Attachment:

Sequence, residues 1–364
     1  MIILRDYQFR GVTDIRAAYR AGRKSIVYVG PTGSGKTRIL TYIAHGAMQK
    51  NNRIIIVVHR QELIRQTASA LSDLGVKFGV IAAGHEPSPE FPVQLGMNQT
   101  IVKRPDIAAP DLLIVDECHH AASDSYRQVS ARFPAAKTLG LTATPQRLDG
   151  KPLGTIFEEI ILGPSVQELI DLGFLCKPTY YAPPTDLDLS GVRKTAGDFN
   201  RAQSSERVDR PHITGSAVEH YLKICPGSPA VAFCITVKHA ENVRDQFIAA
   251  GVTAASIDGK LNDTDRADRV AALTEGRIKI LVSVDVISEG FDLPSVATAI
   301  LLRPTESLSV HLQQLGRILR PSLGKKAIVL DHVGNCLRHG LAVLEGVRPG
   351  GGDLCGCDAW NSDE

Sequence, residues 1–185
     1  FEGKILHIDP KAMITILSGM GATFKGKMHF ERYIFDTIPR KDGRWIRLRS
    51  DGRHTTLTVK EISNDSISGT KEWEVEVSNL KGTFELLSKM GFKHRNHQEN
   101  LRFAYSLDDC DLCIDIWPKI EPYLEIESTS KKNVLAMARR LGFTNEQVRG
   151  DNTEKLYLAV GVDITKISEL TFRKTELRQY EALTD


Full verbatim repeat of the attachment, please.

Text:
Sequence, residues 1–364
     1  MIILRDYQFR GVTDIRAAYR AGRKSIVYVG PTGSGKTRIL TYIAHGAMQK
    51  NNRIIIVVHR QELIRQTASA LSDLGVKFGV IAAGHEPSPE FPVQLGMNQT
   101  IVKRPDIAAP DLLIVDECHH AASDSYRQVS ARFPAAKTLG LTATPQRLDG
   151  KPLGTIFEEI ILGPSVQELI DLGFLCKPTY YAPPTDLDLS GVRKTAGDFN
   201  RAQSSERVDR PHITGSAVEH YLKICPGSPA VAFCITVKHA ENVRDQFIAA
   251  GVTAASIDGK LNDTDRADRV AALTEGRIKI LVSVDVISEG FDLPSVATAI
   301  LLRPTESLSV HLQQLGRILR PSLGKKAIVL DHVGNCLRHG LAVLEGVRPG
   351  GGDLCGCDAW NSDE

Sequence, residues 1–185
     1  FEGKILHIDP KAMITILSGM GATFKGKMHF ERYIFDTIPR KDGRWIRLRS
    51  DGRHTTLTVK EISNDSISGT KEWEVEVSNL KGTFELLSKM GFKHRNHQEN
   101  LRFAYSLDDC DLCIDIWPKI EPYLEIESTS KKNVLAMARR LGFTNEQVRG
   151  DNTEKLYLAV GVDITKISEL TFRKTELRQY EALTD